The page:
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Environment

Synthetic chemicals pose growing threat to global water supply

Synthetic chemicals that damage the human reproductive system are creeping into the world's water supply. Scientists say the chemicals, once waterborne, can quickly spread throughout the globe.

A man gazes at a water sample in a lab

Improperly disposed of medicines dirty water supplies

They're in pesticides and solvents - and even in our medications. An insidious threat to humans and animals, so-called xenobiotics are mostly synthetic chemicals that can interfere with the endocrine system and even act as poisons.

When the chemicals become waterborne they can wreak havoc, especially on the human reproductive system, according to Swedish hydrologist Malin Falkenmark.

"These substances are a serious problem for us and for future generations, because they impact human fertility," Falkenmark said. "In order to tackle this threat, we have to have to track down the source of the pollution. Once a substance is released into water it spreads throughout the world, because there is water everywhere."

Estrogen in the water

A wastewater treatment plant

Xenobiotics can help microorganisms reactivate human waste

Perhaps the best-known example of xenobiotics comes from oral contraceptives. When women take birth-control pills, their bodies pass the synthetic estrogen and progesterone out as waste into the water supply.

University of Basel biologist Patricia Holm said she blames such waterborne xenobiotics for many couples' inability to conceive a child.

"Since these substances work just like hormones, all it takes is a single molecule to cause a reaction in one of the body's receptors," she told Deutsche Welle.

"We can see that sperm counts in many countries have greatly dropped over the past 50 years, sometimes by as much as a half," Holm said. "Among women, we know that breast cancer rates are rising."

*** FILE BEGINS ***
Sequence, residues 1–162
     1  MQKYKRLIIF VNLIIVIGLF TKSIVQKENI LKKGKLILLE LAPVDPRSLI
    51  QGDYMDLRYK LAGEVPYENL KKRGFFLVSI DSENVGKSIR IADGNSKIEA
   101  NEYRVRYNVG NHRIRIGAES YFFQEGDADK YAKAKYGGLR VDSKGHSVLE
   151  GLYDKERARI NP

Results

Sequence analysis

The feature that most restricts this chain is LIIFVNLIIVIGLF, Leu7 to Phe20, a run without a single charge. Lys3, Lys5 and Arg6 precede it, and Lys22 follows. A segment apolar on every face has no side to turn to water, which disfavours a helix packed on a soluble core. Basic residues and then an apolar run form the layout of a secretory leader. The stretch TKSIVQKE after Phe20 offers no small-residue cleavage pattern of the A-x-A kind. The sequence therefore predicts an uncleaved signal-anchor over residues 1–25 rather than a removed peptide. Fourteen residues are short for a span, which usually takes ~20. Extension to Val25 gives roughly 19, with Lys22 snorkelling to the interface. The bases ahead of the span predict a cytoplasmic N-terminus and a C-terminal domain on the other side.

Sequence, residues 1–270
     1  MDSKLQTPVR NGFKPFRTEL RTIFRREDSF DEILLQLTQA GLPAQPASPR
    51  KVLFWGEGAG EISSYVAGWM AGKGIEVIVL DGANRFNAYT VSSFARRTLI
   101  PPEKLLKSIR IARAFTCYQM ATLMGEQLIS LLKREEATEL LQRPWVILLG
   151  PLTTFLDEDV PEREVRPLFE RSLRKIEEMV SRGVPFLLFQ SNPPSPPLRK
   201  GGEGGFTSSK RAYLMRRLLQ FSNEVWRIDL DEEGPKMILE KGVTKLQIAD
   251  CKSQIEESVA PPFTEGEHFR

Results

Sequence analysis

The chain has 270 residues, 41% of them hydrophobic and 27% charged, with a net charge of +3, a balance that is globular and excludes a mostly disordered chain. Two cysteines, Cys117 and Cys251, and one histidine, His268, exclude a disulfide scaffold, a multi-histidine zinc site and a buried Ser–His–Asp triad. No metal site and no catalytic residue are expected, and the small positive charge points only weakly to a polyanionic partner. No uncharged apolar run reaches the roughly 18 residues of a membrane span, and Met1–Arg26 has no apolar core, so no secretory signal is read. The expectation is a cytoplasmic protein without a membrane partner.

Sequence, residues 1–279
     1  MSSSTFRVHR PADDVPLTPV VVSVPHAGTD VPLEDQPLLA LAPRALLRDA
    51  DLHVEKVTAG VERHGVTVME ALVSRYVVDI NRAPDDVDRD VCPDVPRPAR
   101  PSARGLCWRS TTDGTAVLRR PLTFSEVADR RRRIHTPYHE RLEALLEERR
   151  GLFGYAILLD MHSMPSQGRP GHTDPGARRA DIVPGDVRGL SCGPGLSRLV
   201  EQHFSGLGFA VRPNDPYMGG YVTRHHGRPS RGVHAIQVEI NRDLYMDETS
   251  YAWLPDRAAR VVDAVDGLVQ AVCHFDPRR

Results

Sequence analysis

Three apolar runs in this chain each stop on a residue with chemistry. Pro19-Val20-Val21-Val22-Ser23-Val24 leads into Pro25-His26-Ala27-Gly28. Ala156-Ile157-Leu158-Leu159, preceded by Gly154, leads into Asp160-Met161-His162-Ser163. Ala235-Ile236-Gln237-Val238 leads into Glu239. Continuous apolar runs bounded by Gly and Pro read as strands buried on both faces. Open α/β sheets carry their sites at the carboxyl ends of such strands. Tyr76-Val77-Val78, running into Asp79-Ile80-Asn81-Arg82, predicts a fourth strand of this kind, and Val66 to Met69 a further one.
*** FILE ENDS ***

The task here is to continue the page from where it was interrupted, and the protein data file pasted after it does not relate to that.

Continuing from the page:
Xenobiotics affect animals, too

Two scientists in a lab read from a page

Scientists blame water pollution for infertility - and cancer

Like many human-made problems, xenobiotics don't just affect humans. Scientists have found the substances present in fish, white-tailed sea eagles and even polar bears.

Animal experiments, Holm said, have shown that high levels of estrogen heighten the risk of tumors in rats, just as they raise women's incidence of breast cancer.

Yet researchers' knowledge of xenobiotics and their effects is far from complete. Scientists have only recently discovered that microbes in wastewater treatment plants, which were thought to help break down human waste, can actually reassemble many of the body's waste products. The mixture of synthetic substances in rivers and oceans appears to strengthen this effect.

Holm would like to see the topic of xenobiotics become a matter of public discussion, reaching beyond biologist and chemist circles. She said she wants to see politicians and lawyers, as well as consumers, start asking whether particular medications are necessary, useful, or merely convenient.

Down the toilet

While scientists may be capable of tracking down the source of most harmful pollutants, experts agree that it is better to never release them in the first place. Once a substance reaches water, it will sooner or later make its way back to us, they say - either in our drinking water or through the food chain.

A twisting river

Experts warn that waterborne pollutants can quickly spread across the globe

An estimated third of the medications purchased in Germany are improperly disposed in toilets, directly entering the water supply. Yet it would not be difficult to increase consumers' awareness of the matter, according to Claudia Castell-Exner of Germany's DVGW water conservationists' lobby organization.

"In the 1970s, people were better informed and more aware about medications," said Castell-Exner. "Back then it was clear that you shouldn't flush unused drugs down the toilet."

Until last year, Germany had a system where pharmacies took back leftover medications. According to Castell-Exner, pharmacies stopped that program, claiming they didn't want to take back drugs that were purchased over the Internet.

"That's too bad because patients and consumers are much more open to environmentally friendly practices than we give them credit for," Castell-Exner said.

Author: Agnes Buehring (dl)

Editor: Sean Sinico

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